Sen. John Fetterman, D-Pa., responded to critics of the Senate dress code, which will no longer be enforced, and argued during an interview on MSNBC that there were more important things to discuss.
MSNBC’s Chris Hayes started the interview by joking about “the most pressing issue of our time,” before Fetterman weighed in on the topic.
“Of course, I’ve heard about it. I’ve heard that some people are upset about that, and the right have been like losing their mind. You know, they’re just like, ‘Oh my god, you know, dogs and cats are living together,’ and you know, like I said, aren’t there more important things we should be talking about rather than if I dress like a slob?” he said.
Hayes quoted Rep. Marjorie Taylor Green, R-GA., who said, the move was “disgraceful,” and added, “stop lowering the bar.”
Fetterman responded to Greene and wondered why she cared about the way he dresses.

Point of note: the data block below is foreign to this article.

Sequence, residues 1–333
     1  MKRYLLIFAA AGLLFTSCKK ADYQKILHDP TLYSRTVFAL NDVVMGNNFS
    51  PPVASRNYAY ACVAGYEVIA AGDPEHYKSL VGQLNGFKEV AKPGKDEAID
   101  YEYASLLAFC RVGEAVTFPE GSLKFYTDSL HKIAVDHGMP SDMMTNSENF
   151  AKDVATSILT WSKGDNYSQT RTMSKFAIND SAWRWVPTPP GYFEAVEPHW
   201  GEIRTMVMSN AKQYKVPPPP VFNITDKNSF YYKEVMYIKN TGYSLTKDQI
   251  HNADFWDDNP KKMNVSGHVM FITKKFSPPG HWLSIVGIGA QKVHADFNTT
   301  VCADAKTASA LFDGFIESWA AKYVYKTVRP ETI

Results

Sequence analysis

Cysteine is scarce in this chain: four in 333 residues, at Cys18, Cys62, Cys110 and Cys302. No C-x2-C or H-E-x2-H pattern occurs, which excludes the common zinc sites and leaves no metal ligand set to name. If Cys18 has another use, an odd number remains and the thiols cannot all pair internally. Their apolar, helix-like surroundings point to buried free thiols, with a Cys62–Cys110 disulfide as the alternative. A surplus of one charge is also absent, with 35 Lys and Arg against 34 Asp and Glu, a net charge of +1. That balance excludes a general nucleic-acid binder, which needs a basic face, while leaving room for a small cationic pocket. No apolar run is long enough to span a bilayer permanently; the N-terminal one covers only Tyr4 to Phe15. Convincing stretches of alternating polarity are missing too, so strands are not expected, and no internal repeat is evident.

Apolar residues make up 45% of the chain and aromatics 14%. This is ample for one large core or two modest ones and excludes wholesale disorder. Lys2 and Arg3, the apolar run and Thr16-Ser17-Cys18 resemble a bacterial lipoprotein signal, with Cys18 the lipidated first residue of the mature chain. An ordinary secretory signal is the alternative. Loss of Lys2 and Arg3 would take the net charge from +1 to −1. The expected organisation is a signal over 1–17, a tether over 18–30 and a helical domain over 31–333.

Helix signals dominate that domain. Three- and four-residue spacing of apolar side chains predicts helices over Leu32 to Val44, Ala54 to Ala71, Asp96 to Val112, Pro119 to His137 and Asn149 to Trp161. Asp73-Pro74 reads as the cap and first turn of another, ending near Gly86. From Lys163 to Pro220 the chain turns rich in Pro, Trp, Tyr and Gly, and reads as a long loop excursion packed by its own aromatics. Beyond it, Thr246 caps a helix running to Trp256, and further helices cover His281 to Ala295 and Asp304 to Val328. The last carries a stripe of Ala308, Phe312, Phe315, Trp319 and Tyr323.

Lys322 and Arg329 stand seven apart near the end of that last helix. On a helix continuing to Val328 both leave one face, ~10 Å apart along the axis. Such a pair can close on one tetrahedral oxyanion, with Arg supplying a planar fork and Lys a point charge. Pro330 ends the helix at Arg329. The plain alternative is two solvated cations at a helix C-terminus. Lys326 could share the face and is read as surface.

“Well her platform, really— she runs on more and more ding-a-ling, pics, you know in the meetings over in the Congress. So, again, I’m not really sure why she cares how I dress, but you know, she really takes it a different way,” he said.
Fetterman’s usual gym shorts and hoodie attire has kept him from entering the Senate chamber as he was voting from the door of the Senate instead of entering the voting from the floor.
People entering the chamber still must adhere to the dress code, but it will no longer be enforced for senators.
Conservatives took issue with the move, as others would be required to wear business attire while in the chamber.
“If my interns can put on a suit so can a U.S. Senator,” Rep. Ryan Zinke, MT., wrote on X, formerly known as Twitter.
The Pennsylvania senator responded to some critics on Twitter as well, including Nate Silver, the founder of the data news site FiveThirtyEight.
“Starting a new political party for people who don’t give a s— either about how John Fetterman dresses or what Lauren Boebert does in a theater,” Silver wrote.
“I dress like you predict,” Fetterman said to Silver, who is an election and political statistician.
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